The readers of Sex Criminals are not only finding a book they can relate to, but also one that has given them a safe place to share their stories with the world. Fraction and Zdarsky provide responses, banter, and sex tips in these pages that keep the mood light, but still provide a welcoming place for anyone to write in. In the age of the Internet where people are easily able to hide behind usernames and lie without repercussion these letter columns are not just a rarity, they are a miracle.

Sex Criminals isn’t just about finding people. It’s a comic that openly encourages it, and affects its readers to do so in a meaningful way. Suzie and Jon are not generic stand-ins. They are well-realized characters with unique problems. But their journey is universally relatable. It recognizes the struggle of growing up and finding your own identity, of connecting with someone else and giving over trust, of acknowledging mistakes and trying to be better. And it also gives signs of hope. The small hand squeezes, the little jokes, the passionate bathroom stall loving that makes life worth living.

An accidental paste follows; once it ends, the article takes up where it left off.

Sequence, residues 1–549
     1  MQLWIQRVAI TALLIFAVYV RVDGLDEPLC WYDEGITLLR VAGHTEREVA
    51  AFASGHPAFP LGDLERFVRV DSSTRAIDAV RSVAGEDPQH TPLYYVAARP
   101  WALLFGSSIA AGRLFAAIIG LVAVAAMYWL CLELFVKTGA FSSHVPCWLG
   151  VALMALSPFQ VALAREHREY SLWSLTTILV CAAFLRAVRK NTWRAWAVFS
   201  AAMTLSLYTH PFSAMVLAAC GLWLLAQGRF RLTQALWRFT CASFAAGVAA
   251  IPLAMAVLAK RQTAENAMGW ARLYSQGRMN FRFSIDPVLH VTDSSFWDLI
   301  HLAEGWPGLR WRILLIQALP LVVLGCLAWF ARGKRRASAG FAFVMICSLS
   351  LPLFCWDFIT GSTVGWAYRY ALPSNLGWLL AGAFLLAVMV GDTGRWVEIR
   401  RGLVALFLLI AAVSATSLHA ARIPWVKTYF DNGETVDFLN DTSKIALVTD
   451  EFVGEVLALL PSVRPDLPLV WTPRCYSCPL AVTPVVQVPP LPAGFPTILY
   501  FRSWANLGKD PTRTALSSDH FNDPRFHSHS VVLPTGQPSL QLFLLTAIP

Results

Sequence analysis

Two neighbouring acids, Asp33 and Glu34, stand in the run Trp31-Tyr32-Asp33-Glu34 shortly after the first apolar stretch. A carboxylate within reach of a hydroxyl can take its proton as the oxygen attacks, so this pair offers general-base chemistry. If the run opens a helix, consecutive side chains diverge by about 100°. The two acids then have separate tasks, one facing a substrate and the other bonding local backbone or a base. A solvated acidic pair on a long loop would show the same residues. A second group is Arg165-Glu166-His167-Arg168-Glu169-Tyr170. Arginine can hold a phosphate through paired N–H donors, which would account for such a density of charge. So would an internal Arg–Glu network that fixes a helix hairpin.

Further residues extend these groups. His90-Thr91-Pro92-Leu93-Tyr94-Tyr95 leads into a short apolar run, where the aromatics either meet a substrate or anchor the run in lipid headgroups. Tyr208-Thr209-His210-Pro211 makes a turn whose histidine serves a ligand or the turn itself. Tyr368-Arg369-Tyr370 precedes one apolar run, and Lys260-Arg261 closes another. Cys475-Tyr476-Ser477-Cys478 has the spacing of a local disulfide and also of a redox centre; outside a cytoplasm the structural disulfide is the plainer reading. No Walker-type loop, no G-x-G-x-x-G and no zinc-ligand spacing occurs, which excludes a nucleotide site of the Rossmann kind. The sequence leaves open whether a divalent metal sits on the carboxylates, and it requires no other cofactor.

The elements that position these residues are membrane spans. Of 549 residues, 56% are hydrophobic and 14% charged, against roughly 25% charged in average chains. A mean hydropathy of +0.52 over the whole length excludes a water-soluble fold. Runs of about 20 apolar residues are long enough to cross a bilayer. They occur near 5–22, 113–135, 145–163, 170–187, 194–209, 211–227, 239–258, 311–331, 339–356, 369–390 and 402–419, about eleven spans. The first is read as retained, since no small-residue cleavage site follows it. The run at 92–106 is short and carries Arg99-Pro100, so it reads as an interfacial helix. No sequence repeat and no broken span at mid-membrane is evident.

Sex Criminals is a comic that imbues its readership with a sense of hope, not because life is easy, but because it is worth the struggle.

Sex Criminals is a comic that makes its audience want to sing out: It’s a long hard fight, but I’ll always live for tomorrow. I’ll look back on myself and say I did it for love.

Check it out.


About chasemagnett

Chase is a mild-mannered finance guy by day and a raving comics fan by night. He has been reading comics for more than half of his life (all 23 years of it). After graduating from the University of Nebraska–Lincoln with degrees in Economics and English, he has continued to research comics while writing articles and reviews online. His favorite superhero is Superman and he'll accept no other answers. Don't ask about his favorite comic unless you're ready to spend a day discussing dozens of different titles.